<div class="success-cancel-container">
        <img src="{{ asset('check-circle.svg') }}" class="tick-img">
        <h1 class="success-cancel-heading">Thank you for making payment</h1>
        <p class="success-cancel-text">{{ $successMessage }}</p>
        <div class="continue-btn">
            <a href="{{ route('dashboard') }}" class="btn bg-warning">Continue Shopping</a>


Payment Success Template

When the user clicks the “back arrow” from the Stripe-hosted checkout page, it shows the following cancel template.


<!DOCTYPE html>

    <meta charset="utf-8">
    <meta name="viewport" content="width=device-width, initial-scale=1">
    <title>Laravel Stripe integration tutorial</title>
    <link href="{{ asset('css/custom-style.css') }}" rel="stylesheet">

    <div class="success-cancel-container">
        <img src="{{ asset('cancel.svg') }}" class="tick-img">
        <h1 class="success-cancel-heading">Payment Cancelled</h1>
        <p class="success-cancel-text">{{ $cancelMessage }}</p>
        <a href="{{ route('dashboard') }}" class="btn bg-warning">Continue Shopping</a>


Payment Cancel Template

Create Laravel Stripe checkout routes

The below PHP file shows the Laravel web routes. Most of the URLs are created by setting up the authentication module.

The Stripe checkout-related URLs like /checkout/, /payment/success/ and /payment/cancel/ is created manually for this example.



use App\Http\Controllers\ProfileController;
use Illuminate\Support\Facades\Route;
use App\Http\Controllers\StripeCheckoutController;
use App\Http\Controllers\DashboardController;

Route::get('/', function () {
    return view('welcome');

Route::get('/dashboard', [DashboardController::class, 'index'])->middleware(['auth', 'verified'])->name('dashboard');

Route::middleware('auth')->group(function () {
    Route::get('/profile', [ProfileController::class, 'edit'])->name('profile.edit');
    Route::patch('/profile', [ProfileController::class, 'update'])->name('profile.update');
    Route::delete('/profile', [ProfileController::class, 'destroy'])->name('profile.destroy');

Route::get('checkout/', [StripeCheckoutController::class, 'cashierStripeCheckout'])->name('checkout');

Route::get('/payment/success', [StripeCheckoutController::class, 'success'])->name('checkout-success');

Route::get('/payment/cancel', [StripeCheckoutController::class, 'cancel'])->name('checkout-cancel');

require __DIR__.'/auth.php';


Make controllers to process Stripe checkout

First, the DashboardController is changed to load the product tile from the config.

This is created as part of the Laravel Breeze installation. By default, it shows the welcome message for the logged-in user.



namespace App\Http\Controllers;

use Illuminate\Support\Facades\Config;

class DashboardController extends Controller
    public function index()
        // Get product array from Laravel config/product-details.php
        $product = Config::get('product-details.product');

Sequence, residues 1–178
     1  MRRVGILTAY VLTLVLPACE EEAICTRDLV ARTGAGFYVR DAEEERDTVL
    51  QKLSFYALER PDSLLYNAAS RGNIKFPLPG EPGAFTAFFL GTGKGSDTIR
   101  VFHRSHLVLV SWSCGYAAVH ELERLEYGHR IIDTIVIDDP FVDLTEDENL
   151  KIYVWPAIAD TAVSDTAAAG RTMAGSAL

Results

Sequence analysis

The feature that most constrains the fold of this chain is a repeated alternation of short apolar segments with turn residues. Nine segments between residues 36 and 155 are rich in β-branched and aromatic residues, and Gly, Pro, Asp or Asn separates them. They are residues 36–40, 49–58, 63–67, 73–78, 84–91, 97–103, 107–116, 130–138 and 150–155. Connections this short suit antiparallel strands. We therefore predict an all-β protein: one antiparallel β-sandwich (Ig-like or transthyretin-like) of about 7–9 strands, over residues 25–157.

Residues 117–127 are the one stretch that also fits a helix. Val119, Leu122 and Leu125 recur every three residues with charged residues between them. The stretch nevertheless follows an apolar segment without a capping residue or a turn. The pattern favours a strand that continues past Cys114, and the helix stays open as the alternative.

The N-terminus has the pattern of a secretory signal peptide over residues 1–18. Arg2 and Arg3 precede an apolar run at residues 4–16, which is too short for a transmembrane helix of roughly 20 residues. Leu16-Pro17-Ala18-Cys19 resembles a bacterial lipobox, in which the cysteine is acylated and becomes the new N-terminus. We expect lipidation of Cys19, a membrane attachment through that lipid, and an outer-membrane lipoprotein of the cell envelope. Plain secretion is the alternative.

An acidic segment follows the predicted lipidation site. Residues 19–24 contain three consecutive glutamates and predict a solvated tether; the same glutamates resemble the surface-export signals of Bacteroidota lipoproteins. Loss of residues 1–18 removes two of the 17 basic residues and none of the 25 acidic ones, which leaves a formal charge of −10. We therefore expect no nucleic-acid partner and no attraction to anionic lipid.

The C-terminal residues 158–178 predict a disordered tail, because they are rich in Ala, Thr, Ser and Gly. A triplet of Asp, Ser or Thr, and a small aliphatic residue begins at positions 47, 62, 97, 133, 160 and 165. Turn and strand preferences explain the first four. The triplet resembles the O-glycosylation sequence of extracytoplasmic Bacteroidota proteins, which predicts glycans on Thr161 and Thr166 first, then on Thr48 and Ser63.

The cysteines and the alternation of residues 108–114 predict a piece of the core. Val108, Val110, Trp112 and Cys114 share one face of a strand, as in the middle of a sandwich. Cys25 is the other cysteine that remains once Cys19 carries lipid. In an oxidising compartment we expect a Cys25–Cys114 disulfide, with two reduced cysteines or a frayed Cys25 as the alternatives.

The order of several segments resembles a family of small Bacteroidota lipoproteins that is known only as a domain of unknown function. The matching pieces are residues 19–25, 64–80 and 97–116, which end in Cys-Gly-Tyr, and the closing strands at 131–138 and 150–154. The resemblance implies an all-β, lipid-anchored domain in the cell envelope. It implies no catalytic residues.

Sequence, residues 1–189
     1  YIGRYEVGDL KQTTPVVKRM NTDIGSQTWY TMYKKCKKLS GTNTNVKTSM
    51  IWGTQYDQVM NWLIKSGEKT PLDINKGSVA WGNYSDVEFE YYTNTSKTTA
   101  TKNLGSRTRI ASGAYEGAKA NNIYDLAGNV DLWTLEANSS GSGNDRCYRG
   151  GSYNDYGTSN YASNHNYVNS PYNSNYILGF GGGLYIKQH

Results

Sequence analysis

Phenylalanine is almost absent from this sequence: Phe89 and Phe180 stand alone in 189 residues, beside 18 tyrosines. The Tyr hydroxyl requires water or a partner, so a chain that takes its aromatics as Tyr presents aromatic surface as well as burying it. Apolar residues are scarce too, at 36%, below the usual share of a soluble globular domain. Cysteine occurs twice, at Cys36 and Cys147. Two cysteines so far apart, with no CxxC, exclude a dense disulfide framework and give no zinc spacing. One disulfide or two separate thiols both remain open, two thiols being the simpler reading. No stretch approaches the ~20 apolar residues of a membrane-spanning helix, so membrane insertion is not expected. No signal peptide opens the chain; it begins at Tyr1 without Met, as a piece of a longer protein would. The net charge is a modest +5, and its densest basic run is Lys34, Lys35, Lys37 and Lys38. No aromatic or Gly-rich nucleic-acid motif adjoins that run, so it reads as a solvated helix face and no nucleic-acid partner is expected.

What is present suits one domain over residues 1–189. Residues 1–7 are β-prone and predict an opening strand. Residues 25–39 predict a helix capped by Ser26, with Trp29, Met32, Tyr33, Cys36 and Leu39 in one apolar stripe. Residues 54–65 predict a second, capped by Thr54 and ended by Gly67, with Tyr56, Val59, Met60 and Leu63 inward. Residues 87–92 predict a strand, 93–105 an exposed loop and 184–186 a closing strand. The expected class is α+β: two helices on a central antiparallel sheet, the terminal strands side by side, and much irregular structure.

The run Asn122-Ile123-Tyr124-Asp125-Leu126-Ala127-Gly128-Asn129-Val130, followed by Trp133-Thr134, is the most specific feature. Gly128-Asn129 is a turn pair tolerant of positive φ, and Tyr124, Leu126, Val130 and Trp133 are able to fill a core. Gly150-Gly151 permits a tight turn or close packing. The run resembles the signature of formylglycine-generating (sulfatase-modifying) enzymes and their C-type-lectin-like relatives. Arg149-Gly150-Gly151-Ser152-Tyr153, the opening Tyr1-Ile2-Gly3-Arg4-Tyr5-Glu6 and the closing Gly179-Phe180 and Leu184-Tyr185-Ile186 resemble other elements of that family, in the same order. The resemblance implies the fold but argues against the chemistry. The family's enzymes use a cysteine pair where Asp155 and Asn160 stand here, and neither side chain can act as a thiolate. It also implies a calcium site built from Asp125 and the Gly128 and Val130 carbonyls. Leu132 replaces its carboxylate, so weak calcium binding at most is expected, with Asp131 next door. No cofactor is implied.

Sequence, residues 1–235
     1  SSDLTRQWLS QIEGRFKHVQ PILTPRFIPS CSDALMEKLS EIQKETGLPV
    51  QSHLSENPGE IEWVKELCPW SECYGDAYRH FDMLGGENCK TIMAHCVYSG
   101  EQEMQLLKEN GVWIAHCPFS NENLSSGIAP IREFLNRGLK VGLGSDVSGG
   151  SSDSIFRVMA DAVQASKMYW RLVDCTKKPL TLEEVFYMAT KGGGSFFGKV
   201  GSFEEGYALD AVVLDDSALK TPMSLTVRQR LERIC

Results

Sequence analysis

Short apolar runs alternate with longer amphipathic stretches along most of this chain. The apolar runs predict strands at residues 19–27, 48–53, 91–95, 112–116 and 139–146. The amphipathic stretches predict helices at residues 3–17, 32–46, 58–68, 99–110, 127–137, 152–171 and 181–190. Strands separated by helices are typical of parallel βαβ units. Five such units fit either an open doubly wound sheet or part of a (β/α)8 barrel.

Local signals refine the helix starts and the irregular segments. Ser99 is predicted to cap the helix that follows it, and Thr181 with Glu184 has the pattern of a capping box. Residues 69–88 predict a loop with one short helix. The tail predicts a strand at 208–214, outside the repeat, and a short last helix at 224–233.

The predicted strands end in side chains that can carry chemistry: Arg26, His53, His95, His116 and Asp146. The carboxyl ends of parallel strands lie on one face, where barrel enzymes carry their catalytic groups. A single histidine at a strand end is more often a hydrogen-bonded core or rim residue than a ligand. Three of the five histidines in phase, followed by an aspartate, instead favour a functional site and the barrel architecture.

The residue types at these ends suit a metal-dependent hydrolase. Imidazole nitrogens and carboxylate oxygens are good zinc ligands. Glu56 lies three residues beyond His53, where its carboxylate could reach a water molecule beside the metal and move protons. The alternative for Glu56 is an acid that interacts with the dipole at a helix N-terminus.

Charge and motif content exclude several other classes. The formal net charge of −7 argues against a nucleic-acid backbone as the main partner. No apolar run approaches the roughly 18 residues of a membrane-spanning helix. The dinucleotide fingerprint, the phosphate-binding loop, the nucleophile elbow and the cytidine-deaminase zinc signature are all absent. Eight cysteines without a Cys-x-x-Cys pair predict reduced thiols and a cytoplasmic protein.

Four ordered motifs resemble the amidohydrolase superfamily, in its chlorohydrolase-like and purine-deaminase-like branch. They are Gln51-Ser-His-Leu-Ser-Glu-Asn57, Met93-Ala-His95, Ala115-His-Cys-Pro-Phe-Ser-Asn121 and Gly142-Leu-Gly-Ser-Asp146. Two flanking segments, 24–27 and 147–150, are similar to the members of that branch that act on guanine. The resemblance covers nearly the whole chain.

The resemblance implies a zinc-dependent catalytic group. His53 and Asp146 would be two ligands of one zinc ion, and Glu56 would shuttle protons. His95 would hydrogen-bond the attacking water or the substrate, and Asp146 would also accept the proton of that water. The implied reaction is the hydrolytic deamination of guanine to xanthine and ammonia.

// Load product tile view to the browser
        return view('dashboard', compact('product'));


In this StripeCheckoutController, the checkout() request is sent with the following parameter.

  1. Stripe price id.
  2. Quantity which is set to 1.
  3. Stripe success callback URL.
  4. Cancel callback URL.

Once the request is processed in the Stripe server, it redirects to the corresponding callback URLs.



namespace App\Http\Controllers;

use Illuminate\Http\Request;

class StripeCheckoutController extends Controller
    public function cashierStripeCheckout(Request $request)
        $stripePriceId = env('STRIPE_PRICE_ID');

        $quantity = 1;
        return $request->user()->checkout([$stripePriceId => $quantity], [
            'success_url' => route('checkout-success'),
            'cancel_url' => route('checkout-cancel'),
    public function success()
        $successMessage = "We have received your payment request and will let you know shortly.";
        /* Show success template to display the acknowledgement 
         of receiving the checkout request */
        return view('success', compact('successMessage'));
    public function cancel()
        $cancelMessage = "You have cancelled the payment. Contact shop admin to post your message.";
        return view('cancel', compact('cancelMessage'));

This screenshot shows the sequence of events that occurred during the Stripe checkout. This image displays the Stripe developers’ dashboard with the list of events.

Stripe Payment Event

Thus, we have created the Stripe checkout integration with Laravel/Cashier. If you are searching for a Laravel Stripe Integration with the Laravel/stripe package, the linked tutorial has a code.


Written by Vincy, a web developer with 15+ years of experience and a Masters degree in Computer Science. She specializes in building modern, lightweight websites using PHP, JavaScript, React, and related technologies. Phppot helps you in mastering web development through over a decade of publishing quality tutorials.